I remember Every Good Boy Does Fine for the five lines and F A C E for the four spaces. All Cows Eat Grass were the lines on the bottom. We had to draw the Treble Clef and the Bass Clef and put notes on the proper lines and spaces. We even drew little "flags" for quarter notes and eighth notes. I was absolutely stellar at these mechanics. My downfall was making those letters into sounds, musical sounds.

Miss Ossie tried and tried. She gave me special lessons, pounding a key while asking me to reproduce the sound. She persuaded my mother to make me take piano lessons. Alas, I unwillingly practiced the wrong chords never even hearing my mistakes.

All grade school children had to sing in the choir. Miss Ossie made me sing in the high school choir and the church choir, as well. She clung in vain to a hope that no one was hopeless.

Years later, I was vindicated, in a way. Scared and alone in my first prep school study hall/assembly, we all rose to pledge allegiance to the American Flag. When everyone began to sing, I lustily belted out The Star Spangled Banner. I had reached "bombs bursting in the air" before I realized with horror and dismay, that everyone else was singing an Episcopal Hymn of Praise! 
--Amanda Iodice

Looking at some of the articles in the Aldersonian I came upon the one about Ossie Keadle and the testimonials about her long Service to all of us Alderson Students. I had to tell my wife about the one that Amanda Iodice wrote and wanted to tell her that we Episcopal church members still sing hymns of praise that sound a lot like the national anthem.  We call them dirginals. I remember one music class we sang a little song as a group and then Miss Keadle said "James I want you to sing it by yourself" You can not believe how hard it was for me, a little first grade boy to sing "Little Blue Bird in the Tree, Sing a song for me". I have many great memories of her and as a senior we put on a little operetta called "Chonita, a Gypsy Romance". I am setting here in front of my PC with my copy of it with several autographs written on it. I played the part of Konan a rich gypsy who was after Conita (Pat Johnson/Rowe) but in the end Stefan, a poor gypsy won her heart. "Damn you H.R. Ayers!!" I cant remember all of the other cast members but I know Jack Hardesty, James Smith, my future wife Barbara Mallet and many others were in it. One of these days I am going to figure out the chords for the Blue Bird song and play it on my Uke or Mandolin. By the way Amanda, I do play Episcopal praise song real often.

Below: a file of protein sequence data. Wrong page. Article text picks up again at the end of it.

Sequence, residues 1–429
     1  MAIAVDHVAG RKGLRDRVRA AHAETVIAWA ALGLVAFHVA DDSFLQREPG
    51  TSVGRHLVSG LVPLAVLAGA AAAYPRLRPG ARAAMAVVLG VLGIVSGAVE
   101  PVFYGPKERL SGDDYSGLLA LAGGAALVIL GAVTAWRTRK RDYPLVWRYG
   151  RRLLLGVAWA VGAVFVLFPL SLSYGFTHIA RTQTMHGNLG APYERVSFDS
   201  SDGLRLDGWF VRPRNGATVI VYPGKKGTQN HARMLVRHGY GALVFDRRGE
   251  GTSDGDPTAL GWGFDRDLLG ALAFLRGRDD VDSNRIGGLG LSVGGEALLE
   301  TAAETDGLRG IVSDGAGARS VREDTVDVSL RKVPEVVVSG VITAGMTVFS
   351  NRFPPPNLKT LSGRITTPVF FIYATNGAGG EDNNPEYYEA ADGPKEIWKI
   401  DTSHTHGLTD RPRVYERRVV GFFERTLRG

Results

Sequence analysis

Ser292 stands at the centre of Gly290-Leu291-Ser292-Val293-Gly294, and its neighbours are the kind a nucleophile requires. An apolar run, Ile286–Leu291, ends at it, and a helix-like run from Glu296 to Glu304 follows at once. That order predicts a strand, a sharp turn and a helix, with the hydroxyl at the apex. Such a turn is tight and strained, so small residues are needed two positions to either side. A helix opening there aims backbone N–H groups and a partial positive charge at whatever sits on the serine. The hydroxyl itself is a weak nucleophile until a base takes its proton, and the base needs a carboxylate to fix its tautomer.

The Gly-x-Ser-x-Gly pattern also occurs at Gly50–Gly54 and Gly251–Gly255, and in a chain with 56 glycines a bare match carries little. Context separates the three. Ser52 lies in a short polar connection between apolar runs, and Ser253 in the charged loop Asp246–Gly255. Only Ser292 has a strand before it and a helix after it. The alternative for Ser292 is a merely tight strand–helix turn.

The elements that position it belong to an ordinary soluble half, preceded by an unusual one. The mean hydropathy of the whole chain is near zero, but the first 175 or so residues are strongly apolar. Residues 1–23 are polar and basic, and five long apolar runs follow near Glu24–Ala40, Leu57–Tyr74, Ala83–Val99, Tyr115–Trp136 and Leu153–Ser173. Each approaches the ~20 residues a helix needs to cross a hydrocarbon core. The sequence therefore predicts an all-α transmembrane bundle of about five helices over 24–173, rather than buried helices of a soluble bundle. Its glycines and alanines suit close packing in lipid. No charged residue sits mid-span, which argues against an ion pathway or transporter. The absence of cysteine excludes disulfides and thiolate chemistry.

I forgot to add, inside the operetta song book I found an old news paper article with a picture of two Alderson boys who were in All State Chorus. H.R. Ayers and Jim Thurmond. Amanda, the article also said I was a choir member of Johnson Memorial Methodist Church Under the direction of Miss Keadle. I have been there, done that, got the T-Shirt.